Desert Dessert. Cold temperatures, streets closed because of snow – this is not what you expect when traveling to Israel. You also do not expect to have the chance to taste traditional Bedouin food and to see a beautiful canyon every morning. The biggest surprise is that you do not expect this during a workshop. From Dec 12-15th, the European epilepsy genetic community gathered in Be’er Sheva and Sde Boker, Israel for a combined epilepsy genetics workshop and a Young Researcher Meeting. This is a brief attempt to capture the atmosphere of this workshop for everybody who could not attend. By the way, “desert dessert” is a port wine produced in the Negev desert.
One thing we forgot was a group photo. I didn’t hear my alarm yesterday morning and slept through until 9AM. I am still pretty sleep deprived from one of the most intense scientific meetings I have ever experienced. In Sde Boker, we covered everything related to epilepsy genetics, epigenetics and related fields of autism research and neuroimaging. One core event was the Young Investigator workshop on Saturday, which consisted of back-to-back five-minute presentations in combination with poster sessions and a panel discussion. Discussions lasted until late at night and Sde Boker with its combined kibbutz/youth hostel flair provided the ideal backdrop for this. On the flight back, we realized all the things we didn’t do including a proper group photo. However, I have uploaded some of the photos as an album on the EuroEPINOMICS Facebook page. Rather than providing a chronological report, here are three personal impressions from the Channelopathist authors.
Dennis (epilepsy genomics geek). “As an early stage researcher I was really proud to have the opportunity to have a talk in an international meeting and to get feedback from experienced scientist in the field. From my perspective in genetics, it was great to get to know the related disciplines in epilepsy research. This is something that I don’t usually listen to. For me, the workshop was the third epilepsy meeting this year. I am at the point in my career that I know most people working in the field, however I also feel that I am increasingly recognized. During this meeting, the non-scientific events were perfect opportunities to get to know senior scientist and to profit from their knowledge. I also met younger scientists who had just started their MD or PhD and I was happy to pass some of my experience on. From my point of view, being isolated in the desert with limited access to the internet was the key feature of the meeting, which facilitated discussions until late at night.”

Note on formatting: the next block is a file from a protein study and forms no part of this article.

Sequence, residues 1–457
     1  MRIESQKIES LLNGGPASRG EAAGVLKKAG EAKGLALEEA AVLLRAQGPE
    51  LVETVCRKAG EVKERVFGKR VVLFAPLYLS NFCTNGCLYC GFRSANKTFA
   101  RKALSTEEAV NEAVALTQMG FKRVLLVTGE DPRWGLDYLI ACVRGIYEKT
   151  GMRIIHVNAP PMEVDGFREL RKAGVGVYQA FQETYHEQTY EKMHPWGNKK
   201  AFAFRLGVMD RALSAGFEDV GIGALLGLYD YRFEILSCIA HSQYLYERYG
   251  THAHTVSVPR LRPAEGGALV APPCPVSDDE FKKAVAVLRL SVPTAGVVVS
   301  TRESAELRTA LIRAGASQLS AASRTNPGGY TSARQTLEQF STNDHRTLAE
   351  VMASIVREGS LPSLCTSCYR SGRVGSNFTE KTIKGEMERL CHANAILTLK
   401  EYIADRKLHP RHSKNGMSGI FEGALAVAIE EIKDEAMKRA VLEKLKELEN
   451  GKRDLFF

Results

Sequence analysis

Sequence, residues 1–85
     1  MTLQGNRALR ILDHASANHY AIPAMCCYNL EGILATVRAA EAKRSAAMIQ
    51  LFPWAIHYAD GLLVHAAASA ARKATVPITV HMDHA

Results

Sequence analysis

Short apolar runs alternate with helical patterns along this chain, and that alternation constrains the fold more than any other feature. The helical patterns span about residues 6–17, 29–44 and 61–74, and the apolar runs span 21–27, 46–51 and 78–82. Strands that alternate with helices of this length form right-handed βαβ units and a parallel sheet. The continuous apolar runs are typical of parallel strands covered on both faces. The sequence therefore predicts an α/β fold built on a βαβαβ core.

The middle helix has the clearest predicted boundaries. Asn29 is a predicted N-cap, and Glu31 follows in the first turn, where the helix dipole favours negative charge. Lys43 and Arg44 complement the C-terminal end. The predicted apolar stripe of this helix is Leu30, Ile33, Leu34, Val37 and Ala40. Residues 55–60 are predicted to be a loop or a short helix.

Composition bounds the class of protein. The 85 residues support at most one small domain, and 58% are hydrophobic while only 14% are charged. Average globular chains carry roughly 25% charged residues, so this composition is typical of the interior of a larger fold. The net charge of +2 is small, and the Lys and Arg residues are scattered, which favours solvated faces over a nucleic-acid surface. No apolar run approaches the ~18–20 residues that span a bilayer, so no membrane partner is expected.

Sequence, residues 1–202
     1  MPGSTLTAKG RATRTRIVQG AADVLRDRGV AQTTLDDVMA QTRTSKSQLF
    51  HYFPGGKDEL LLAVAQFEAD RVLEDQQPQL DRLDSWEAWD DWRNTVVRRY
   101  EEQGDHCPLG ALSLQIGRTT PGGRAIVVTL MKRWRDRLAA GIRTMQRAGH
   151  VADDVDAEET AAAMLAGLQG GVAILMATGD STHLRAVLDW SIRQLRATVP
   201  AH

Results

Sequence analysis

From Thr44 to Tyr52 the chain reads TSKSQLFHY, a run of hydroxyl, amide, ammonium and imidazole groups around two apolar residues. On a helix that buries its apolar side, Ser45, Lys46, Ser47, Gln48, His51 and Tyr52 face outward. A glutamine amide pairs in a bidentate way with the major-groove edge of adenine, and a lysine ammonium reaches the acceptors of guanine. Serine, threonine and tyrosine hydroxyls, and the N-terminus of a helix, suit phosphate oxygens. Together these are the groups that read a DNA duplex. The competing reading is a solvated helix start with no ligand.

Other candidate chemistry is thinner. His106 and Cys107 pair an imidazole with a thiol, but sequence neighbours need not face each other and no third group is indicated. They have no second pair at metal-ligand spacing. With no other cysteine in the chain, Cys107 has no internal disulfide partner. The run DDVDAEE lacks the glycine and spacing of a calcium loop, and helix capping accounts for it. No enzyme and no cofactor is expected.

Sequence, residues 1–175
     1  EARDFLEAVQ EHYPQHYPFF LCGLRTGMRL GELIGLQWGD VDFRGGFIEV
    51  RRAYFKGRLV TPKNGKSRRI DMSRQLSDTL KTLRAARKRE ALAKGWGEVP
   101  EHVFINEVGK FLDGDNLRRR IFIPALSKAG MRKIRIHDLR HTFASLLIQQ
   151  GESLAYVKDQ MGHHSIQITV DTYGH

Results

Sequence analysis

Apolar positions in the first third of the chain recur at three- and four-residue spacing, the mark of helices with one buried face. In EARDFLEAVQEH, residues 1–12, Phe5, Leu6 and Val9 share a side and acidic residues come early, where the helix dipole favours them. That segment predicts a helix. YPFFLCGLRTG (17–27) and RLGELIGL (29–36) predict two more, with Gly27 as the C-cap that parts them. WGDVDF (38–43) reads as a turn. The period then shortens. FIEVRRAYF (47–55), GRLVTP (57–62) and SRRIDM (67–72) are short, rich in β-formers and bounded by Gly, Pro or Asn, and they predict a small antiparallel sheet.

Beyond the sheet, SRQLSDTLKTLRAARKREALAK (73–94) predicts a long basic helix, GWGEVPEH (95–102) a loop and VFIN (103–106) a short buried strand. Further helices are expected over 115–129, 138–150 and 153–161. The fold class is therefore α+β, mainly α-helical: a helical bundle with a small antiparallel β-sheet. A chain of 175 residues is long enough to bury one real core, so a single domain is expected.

Katja (epigenetics enthusiast). “As I am mainly working on epigenetics in symptomatic epilepsies, it was encouraging to see that epigenetics was part of the program. The link between genetics and epigenetics was just one example of interaction between different fields that is difficult to establish. Geneticists, epigeneticists, clinicians and basic scientists for different generations were engaged in lively and sometimes controversial discussions. One question was what a career in science should look like. Is it something you plan or is it something that happens to you? Is it obligatory to do three different postdocs in three different labs or is this view obsolete? How can we promote young women in science, who want to live their dream as a researcher but still have a family? Well, there are no uniform answers to these questions. Everybody has his or her own way. But maybe it helps you to know, that there are many of us who entered the field of epilepsy research by chance, however got interested and are by now fully devoted to solving the disease and help patients. If you have a chance to choose your lab or your mentor, you are very lucky, but if you can’t chose as you want, still try to make the best out of it. Eva Anderman also gave a nice example of how to organize yourself in science when you also have three kids. Work efficiently and make sure to take your chances. What else? We experienced rain in the desert and snow in Jerusalem. Not that the meeting was already exceptional enough!”
Ingo (wannabe motivational speaker). “Chutzpah, Zen and Fahrvergnügen related to the topic of my brief motivational talk that I gave on Saturday. This title relates to the three qualities of a successful young investigator: audacity (chutzpah), patience (zen) and passion (Fahrvergnügen, referring to a 1990 Volkswagen campaign). Genetics becomes a more collaborative field and the career track for a young researcher may be completely different than in the past. Basically, we (the senior scientists) need to think of new ways to reward enthusiasm and effort as it will become more and more difficult to follow the traditional career trajectory that is based on high-impact first authorships. I think that it is difficult to talk about the future of science without referring to differences in generations. I referred to the Fourth Turning by Strauss and Howe to point out that the upcoming generation of researchers might be a hero generation that will accomplish great things in science. I also acknowledge that I forgot to mention mentors as a further important factor that shapes a career in research. Therefore, I was very happy to see four generations of researchers in the field represented at this meeting. I would particularly like to thank Zaid, Sarah, Alon and Amos for the organization of this meeting.”